We say we want peace on earth. We want wars and genocide to end. We say we want forests to grow and rivers to run with sweet water. We say we want to watch our children play. A Course In Miracles says, “just like a sunbeam can’t separate itself from the sun, and a wave can’t separate itself from the ocean, we can’t separate ourselves from one another. We are all part of a vast sea of love, one indivisible Divine Mind.”
We know this in the deep stillness at the Centre of our Beingness. And then we fall asleep once more to waken to the savagery and tragedy in the offices of satirical magazine, Charlie Hebdo and brutal scapegoating of Raif Badawi.
We’re crucified by polarity, still living in the tribal mind that acts out of scarcity and survival. Still demands an eye for an eye, a precious life for a precious life that must be weighed in the bloodied scales of blind belief or castrated custom. The ponderous form of Pluto’s slow transit through Capricorn will bring the darkness of our personal and Collective Shadow into form: Stasi States, the Cyclops eye of Big Brother, the silent trawling through great lakes of data by Google and Facebook, the porous walls of private chat rooms.
Religious oppression, where human dignity, creativity, uniqueness and freedom of expression cower in the shadows. Where whistle-blowers like Edward Snowden and Julian Paul Assange are silenced. Where Raif Badawi faces, what astrologer and blogger, Joanna Watters calls “barbaric consequences” for his thoughts and words which challenge the tribal mind and threaten the status quo.
Bruce Lipton writes in his book, The Honeymoon Effect, “There is a fundamental biological imperative that propels you and every organism on this planet to be in a community, to be in relationship with other organisms. Whether you’re thinking about it consciously or not, your biology is pushing you to bond. In fact, the coming together of individuals in community (starting with two) is a principle force that drives biological evolution.”
And yet how are we bonding? Are we seeing without sight, hearing without ears when we grip so tightly to our need to be right?
We all see the world differently. Or we like to think that we do. It depends on which lenses we choose to wear. And it depends on how we wear the lenses that are chosen for us.
“Some toxic co-authors live in our world, and others live in our minds,” writes clinical neuropsychologist Mario Martinez in his book, The MindBody Code. “Discarding toxic co-authors involves both literal and figurative action.”
Nelson Mandela said, “No one is born hating another person because of the colour of his skin, or his background, or his religion. People must learn to hate, and if they can learn to hate, they can be taught to love, for love comes more naturally to the human heart than its opposite.” Tolstoy believed that if only we managed to see through our superficial differences and our fear of the other’s otherness, we’d recognize instantly the universe’s basic “law of love”. It is something to which we are born and attuned, only to forget as we enter adulthood; until we choose, consciously to question, to let go of our learned bias and to see in the other their differentness, even as they brush against our tender places.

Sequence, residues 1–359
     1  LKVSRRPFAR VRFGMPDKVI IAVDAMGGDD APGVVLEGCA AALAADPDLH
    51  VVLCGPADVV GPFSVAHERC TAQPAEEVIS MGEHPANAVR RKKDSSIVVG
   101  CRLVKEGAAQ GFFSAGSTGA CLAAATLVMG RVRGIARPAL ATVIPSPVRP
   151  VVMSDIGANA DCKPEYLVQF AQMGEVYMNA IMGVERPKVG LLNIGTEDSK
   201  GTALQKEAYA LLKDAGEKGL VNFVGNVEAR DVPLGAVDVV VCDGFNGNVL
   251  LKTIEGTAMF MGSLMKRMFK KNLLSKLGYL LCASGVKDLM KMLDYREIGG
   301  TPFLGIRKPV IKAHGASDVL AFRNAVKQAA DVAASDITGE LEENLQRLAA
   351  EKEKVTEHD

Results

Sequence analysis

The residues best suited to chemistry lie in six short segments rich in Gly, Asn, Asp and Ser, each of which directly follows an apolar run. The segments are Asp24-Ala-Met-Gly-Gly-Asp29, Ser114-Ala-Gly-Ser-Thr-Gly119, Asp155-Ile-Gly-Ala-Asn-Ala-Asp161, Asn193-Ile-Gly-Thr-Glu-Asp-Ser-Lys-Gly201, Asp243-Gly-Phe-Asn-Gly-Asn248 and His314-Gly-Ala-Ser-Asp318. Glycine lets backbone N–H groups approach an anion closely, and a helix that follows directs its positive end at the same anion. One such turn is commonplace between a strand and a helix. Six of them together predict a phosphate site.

Where and how will we be the Guardians of each other’s hearts? How do we demonstrate by our words our actions, Tolstoy’s “law of love”? How can we be the Presence, the Peace, the Generosity we want to see in this world, if not by daily remembrances, daily demonstrations of Grace, of compassion for ourselves and all other sentient beings?
How do we guard ourselves from slipping into the stagnant mire of old thinking without sitting back and saying, it’s just human nature, or more eloquently, the real problem is in the heart of man? Where do we draw the line, erect the wall, raise the drawbridge in this permeable, digital world, stripped bare of mystery, bleached of nuance, devoid of dappled delights, empty spaces, pauses in the bustle of busyness? How do we become Guardians of boundaries when our primitive impulse is to become ensnared in hot-blooded, self-righteous outrage at a world where insanity postures as politics and madness dons the cloak of religion?
Perhaps we can be vigilant of our own energy leaks, the thoughts that fly like stealth missiles towards nations or leaders who provide a convenient hook for our own Shadow, our own primitive survival impulses which feed on fear and superstition, good and bad, them and us.
For me, it is the poets, the artists, the musicians who live among us who dust our dull minds and open our blackened hearts with the shimmering sparkle of their Divine Vision. 13th-century Islamic scholar, poet and visionary,Rumi writes in this exquisite verse from Wetness and Water:
How does a part of the world leave the world?
How can wetness leave water?
Do not try to put out a fire
by throwing on more fire.
Do not wash a wound with blood.
No matter how fast you run,
your shadow more than keeps up.
Sometimes it’s in front.
Only full, overhead sun
diminishes your shadow.
But that shadow has been serving you.
What hurts you blesses you.
Darkness is your candle.
Your boundaries are your quest.”
Three Hearts – Benetton. Photograph by Oliviero Toscani
Alanis Morissette – Guardian